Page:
The suit pits atheist Alain Simoneau and a secular-rights organization against Saguenay Mayor Jean Tremblay.
In 2011, Quebec's human rights tribunal ordered an end to the prayers, demanded that a crucifix in the city council chamber be removed and awarded damages to Simoneau.
The mayor fought back, raising money from religion supporters through a website and the Quebec Court of Appeal overturned the tribunal last year.
The outspoken politician said at the time it was a fight for Quebec's heritage.
"It is not only the trial of Jean Tremblay," Tremblay said. "It is more than that: it is about the whole culture of Quebec."
While the case was before the court, the prayer was replaced by two minutes of silence.
The appeals court expressed some reservations about religious symbols in the council chamber, but concluded the city imposes no religious views on its citizens.
It said reciting a prayer does not violate the religious neutrality of the city and if the recitation interfered with Simoneau’s moral values, the interference was trivial.
It found the prayers had no discernible effect on the day-to-day running of the city.
The case has been one of many in recent years on emotionally charged identity issues in Quebec. The mayor angrily intervened in the last provincial election to denounce a candidate who had suggested the crucifix should come down at the provincial legislature.
The Supreme Court announcement that it will hear the case comes as Quebec wrestles with the controversial secular values charter proposed by the Parti Quebecois government.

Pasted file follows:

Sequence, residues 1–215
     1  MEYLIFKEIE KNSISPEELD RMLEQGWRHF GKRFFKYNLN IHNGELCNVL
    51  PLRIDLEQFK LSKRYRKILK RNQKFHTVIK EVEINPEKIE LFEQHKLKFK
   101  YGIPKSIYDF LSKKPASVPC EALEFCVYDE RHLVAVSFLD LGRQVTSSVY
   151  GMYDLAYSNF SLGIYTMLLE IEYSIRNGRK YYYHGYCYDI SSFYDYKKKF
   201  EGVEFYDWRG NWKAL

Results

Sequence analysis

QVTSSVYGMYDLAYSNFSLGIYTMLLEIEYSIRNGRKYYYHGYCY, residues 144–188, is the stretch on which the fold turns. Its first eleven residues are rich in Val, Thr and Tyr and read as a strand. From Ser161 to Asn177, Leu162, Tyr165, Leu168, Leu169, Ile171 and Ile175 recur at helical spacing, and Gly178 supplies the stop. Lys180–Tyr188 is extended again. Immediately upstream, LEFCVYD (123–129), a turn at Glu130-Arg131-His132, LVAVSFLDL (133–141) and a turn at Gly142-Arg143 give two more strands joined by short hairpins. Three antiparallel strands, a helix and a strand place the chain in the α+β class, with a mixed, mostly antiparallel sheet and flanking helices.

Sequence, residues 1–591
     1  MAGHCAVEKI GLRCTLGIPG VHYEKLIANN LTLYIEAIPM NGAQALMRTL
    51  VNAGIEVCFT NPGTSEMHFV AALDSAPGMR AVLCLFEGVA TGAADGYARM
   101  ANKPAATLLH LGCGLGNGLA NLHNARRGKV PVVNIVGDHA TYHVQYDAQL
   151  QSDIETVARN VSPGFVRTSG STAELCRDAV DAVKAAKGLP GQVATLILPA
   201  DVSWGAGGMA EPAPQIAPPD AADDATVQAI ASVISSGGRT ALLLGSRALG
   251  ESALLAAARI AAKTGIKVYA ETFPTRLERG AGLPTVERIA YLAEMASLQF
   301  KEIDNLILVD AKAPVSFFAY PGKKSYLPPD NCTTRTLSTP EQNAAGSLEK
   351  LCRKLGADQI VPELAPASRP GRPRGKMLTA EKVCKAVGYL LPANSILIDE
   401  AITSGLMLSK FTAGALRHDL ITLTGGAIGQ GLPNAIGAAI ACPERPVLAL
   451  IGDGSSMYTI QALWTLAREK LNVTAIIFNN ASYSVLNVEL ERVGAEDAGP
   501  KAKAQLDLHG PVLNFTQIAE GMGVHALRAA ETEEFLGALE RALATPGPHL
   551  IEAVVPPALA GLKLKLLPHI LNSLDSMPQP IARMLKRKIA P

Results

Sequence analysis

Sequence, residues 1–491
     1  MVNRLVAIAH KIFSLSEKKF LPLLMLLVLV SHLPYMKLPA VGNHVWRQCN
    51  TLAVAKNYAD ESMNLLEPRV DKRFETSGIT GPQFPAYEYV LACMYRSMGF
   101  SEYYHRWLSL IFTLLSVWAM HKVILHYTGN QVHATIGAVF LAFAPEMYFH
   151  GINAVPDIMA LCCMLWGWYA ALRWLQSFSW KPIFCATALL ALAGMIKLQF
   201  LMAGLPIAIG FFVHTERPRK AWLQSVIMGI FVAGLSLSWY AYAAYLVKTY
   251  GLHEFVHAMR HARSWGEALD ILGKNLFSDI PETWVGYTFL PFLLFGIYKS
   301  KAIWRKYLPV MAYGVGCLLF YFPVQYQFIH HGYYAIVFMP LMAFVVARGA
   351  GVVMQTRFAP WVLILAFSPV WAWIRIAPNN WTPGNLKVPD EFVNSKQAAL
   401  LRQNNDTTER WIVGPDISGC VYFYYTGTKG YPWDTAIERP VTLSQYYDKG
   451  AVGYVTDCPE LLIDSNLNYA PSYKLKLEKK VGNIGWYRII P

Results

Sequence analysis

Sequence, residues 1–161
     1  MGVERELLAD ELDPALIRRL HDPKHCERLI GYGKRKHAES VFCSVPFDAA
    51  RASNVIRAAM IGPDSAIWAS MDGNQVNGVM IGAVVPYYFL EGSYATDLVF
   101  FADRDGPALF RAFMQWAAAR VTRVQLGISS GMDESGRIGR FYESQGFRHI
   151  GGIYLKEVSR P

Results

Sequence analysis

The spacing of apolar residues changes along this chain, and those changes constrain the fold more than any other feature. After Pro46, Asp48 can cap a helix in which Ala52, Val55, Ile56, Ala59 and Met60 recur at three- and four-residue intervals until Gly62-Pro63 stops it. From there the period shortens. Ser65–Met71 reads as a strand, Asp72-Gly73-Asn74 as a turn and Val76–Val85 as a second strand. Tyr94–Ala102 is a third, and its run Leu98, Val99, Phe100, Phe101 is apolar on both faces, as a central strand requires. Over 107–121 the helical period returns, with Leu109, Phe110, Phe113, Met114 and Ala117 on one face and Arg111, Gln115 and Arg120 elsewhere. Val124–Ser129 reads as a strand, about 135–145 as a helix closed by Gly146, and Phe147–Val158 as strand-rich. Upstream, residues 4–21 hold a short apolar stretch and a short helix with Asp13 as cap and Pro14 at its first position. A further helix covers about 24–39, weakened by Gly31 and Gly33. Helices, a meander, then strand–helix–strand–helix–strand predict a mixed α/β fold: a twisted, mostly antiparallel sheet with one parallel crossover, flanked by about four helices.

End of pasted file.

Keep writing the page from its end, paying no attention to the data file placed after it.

As usual, the court gave no reasons for its decision to hear the appeal.
Tremblay's office was tight-lipped Thursday.
"The mayor of Saguenay will look at this decision before issuing any comment," it said in a statement.
The secular-rights group involved in the legal battle said it was "delighted" with the ruling.
"The Supreme Court is our last recourse to have freedom of conscience recognized," said Lucie Jobin, president of the Mouvement laique quebecois.
Jobin said she would like the high court to define the rights and limits of municipal governments.
If the supremacy of God is mentioned in the Constitution, "what are the obligations of provinces and municipalities vis-a-vis religion," she added.
Jobin said her organization will present a brief next week at the Quebec government's hearings on the charter of values.
"We will be asking for an amendment so that religious symbols and practices are banned at city halls and municipal councils."
It is unclear when the Supreme Court will hear the case. The court generally takes several months to issue a ruling after testimony has been given.